Takagi’s trust in Nishikata has another aspect I like: It highlights how chaste he is. Nishikata is often dumb, very much immature, believing everything he sees on TV and would die before admitting that he enjoys a romantic comedy show, but he is remarkably noble and respectful in dealing with Takagi-san. Chastity as a virtue is not a popular topic outside a Christian context, and may make him sound like a loser. Yet, he is not losing. He is fiercely competing with a girl who teases him all the time, yet he wouldn’t take advantage of her, respecting her space and her intimacy, refusing to risk hurting her feelings even at the cost of the game and the joke, and rushes to protect her whenever she is in danger. He will not tickle her, even though she tickles him. She can be alone with him, flirt with him, close her eyes in front of him, or make herself vulnerable, knowing that she is safe, that he would refuse to take advantage of her.
He wants to trick her (and so badly!), but never to humiliate, use, or demean her. He chooses to interpret Takagi’s teasing as a challenge to become stronger, both physically and in cunning, and he does, everyday. It is meant as effort, as he is being teased and they are always competing, and more so as their bonds grow. Of course, giving his immaturity and the context of romantic comedy, his barriers on this matter are sometimes excessive and even an obstacle, but I cannot help feeling that he puts this embarrassment to good use.
As Takagi-san, I admire that: I´d rather be cool than uncool, but I´d rather be as chaste as him when dealing with girls and women, who are the precious daughters of God. The life of St. Joseph’s example (Medieval Otaku commented on this here a few years ago), for instance, is one of trusting God, taking care of Our Lord and of His Virgin Mother and dealing with major inconveniences at a maddening pace: the duty under the Law to reject his betrothed, carrying out with a love which would have taken the fault before the world; the sudden change of plans and the courageous faith required to accept God´s design; the edict of the Emperor and the rushed voyage to Bethlehem; the birth of Jesus in a barn; the flight to Egypt; and Jesus lost in the Temple at twelve. All of it unplanned, and probably a mess in the eyes of those who knew him. And through it all, he exhibits the chastity, the respect, and the paradox of being the guardian of St. Mary, who he always loved and always respected. His relatives and contemporaries may not have admired him, but I certainly do.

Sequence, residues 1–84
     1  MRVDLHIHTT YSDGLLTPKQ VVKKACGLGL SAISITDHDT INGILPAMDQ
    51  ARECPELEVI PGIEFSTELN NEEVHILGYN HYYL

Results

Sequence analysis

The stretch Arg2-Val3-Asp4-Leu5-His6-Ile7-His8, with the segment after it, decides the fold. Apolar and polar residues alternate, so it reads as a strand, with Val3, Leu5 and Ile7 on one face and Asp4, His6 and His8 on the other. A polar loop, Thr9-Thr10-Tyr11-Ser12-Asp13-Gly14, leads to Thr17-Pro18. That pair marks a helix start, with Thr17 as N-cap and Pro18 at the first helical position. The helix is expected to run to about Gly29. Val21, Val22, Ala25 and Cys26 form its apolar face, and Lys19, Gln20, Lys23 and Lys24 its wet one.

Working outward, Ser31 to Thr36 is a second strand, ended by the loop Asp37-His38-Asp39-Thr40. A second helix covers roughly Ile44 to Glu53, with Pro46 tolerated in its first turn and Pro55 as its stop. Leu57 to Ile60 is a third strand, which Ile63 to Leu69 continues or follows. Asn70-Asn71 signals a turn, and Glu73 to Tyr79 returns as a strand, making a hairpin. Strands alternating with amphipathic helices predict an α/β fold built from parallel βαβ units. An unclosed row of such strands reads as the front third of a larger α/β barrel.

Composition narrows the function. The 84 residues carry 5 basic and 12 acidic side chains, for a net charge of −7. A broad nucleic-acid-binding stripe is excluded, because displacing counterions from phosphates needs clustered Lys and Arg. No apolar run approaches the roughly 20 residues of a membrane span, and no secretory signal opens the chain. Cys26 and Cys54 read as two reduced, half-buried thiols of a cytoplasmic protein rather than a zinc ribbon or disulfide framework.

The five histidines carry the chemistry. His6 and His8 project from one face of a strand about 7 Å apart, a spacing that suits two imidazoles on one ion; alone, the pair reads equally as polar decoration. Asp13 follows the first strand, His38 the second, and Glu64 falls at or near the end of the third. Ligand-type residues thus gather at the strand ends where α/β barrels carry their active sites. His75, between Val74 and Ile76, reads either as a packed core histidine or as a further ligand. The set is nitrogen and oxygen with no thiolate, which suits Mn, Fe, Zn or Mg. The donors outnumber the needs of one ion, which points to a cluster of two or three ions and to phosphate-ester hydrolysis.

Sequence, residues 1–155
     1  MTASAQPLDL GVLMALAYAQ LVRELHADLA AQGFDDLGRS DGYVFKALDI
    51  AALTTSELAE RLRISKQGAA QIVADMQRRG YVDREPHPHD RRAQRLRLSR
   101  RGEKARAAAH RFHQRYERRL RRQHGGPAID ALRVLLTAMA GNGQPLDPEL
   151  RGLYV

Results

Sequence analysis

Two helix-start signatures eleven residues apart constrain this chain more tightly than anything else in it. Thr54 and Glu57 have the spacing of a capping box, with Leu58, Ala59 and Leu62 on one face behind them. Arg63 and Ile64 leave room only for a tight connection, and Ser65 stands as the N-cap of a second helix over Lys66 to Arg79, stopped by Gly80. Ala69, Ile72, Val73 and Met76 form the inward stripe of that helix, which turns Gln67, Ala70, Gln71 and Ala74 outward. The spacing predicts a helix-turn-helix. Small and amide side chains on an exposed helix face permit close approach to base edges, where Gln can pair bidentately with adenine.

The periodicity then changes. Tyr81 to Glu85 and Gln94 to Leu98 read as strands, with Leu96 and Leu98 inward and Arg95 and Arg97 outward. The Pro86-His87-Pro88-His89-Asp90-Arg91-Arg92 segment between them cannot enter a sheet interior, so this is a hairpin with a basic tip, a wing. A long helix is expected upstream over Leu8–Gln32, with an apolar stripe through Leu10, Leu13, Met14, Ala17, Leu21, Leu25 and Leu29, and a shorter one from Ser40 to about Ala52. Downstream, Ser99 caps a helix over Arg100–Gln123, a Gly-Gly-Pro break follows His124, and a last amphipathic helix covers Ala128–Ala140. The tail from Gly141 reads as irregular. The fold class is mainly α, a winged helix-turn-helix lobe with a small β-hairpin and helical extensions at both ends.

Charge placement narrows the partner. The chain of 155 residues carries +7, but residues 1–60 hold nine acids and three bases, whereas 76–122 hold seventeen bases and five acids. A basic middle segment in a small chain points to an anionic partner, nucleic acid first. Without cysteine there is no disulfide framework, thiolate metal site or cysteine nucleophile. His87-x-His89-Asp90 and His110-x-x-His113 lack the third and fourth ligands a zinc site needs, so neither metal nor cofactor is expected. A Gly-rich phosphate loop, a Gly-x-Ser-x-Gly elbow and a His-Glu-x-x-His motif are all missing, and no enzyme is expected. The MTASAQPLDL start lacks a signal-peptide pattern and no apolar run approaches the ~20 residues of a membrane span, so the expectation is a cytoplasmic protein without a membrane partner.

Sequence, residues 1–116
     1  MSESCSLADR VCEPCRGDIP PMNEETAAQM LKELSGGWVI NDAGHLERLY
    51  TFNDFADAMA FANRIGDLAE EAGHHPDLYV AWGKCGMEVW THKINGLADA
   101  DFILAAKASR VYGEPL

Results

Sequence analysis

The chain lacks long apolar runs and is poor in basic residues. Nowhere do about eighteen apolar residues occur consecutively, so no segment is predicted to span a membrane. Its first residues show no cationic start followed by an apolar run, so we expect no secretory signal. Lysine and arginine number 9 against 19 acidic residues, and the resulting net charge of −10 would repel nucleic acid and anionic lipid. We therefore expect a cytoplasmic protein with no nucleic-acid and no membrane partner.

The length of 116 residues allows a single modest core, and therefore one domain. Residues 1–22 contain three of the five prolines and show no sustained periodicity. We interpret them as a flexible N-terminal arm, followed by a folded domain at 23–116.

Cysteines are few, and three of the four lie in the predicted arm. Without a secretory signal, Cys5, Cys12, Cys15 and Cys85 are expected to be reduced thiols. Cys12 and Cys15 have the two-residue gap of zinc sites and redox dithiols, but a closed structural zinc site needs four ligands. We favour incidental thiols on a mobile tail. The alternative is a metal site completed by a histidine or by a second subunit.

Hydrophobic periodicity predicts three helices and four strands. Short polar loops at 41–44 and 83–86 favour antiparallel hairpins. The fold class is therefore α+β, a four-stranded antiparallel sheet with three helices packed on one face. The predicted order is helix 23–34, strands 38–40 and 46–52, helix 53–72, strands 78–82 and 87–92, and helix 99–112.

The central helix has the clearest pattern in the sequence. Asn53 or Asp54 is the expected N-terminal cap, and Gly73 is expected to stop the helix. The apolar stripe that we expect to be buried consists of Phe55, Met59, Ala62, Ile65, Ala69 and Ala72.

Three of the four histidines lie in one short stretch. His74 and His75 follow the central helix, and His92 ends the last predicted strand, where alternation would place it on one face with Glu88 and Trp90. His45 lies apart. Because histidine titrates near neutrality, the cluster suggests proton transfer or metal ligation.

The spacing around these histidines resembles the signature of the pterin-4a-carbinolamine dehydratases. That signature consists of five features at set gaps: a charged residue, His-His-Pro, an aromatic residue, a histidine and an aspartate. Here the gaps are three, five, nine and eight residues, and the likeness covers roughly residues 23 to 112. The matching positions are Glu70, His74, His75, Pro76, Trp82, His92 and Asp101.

Returning to shame is described in the Bible as being a result of the Fall, of the end of Edenic innocence. Man and woman, both being now broken inside—unclean, with their sins ingrained in the heart—in a suddenly hostile world where the inner ugliness was present and the gaze of fellow human beings was not warranted to be one of love, became ashamed. They needed clothes to hide, and a path to communion with God and with others, sometimes full of hardships, in which both maturing and cleansing, purifying our intentions, play a part. They tried to do it with leaves, and God gave them better clothes.
Shame, like a guardian, is intended to protect our intimacy and that of others to let us share ourselves with purity, with respect, in a way that helps and enriches us and others. We need to overcome it to achieve communion, but it helps us realize that, in sharing ourselves or entering the space of others, we are dealing with something valuable, something that must be protected. I think we must understand what our shame tells us, not merely deny it. Like Nishikata, we need to gradually learn to be vulnerable, but also to love with all our strength, and to be faithful.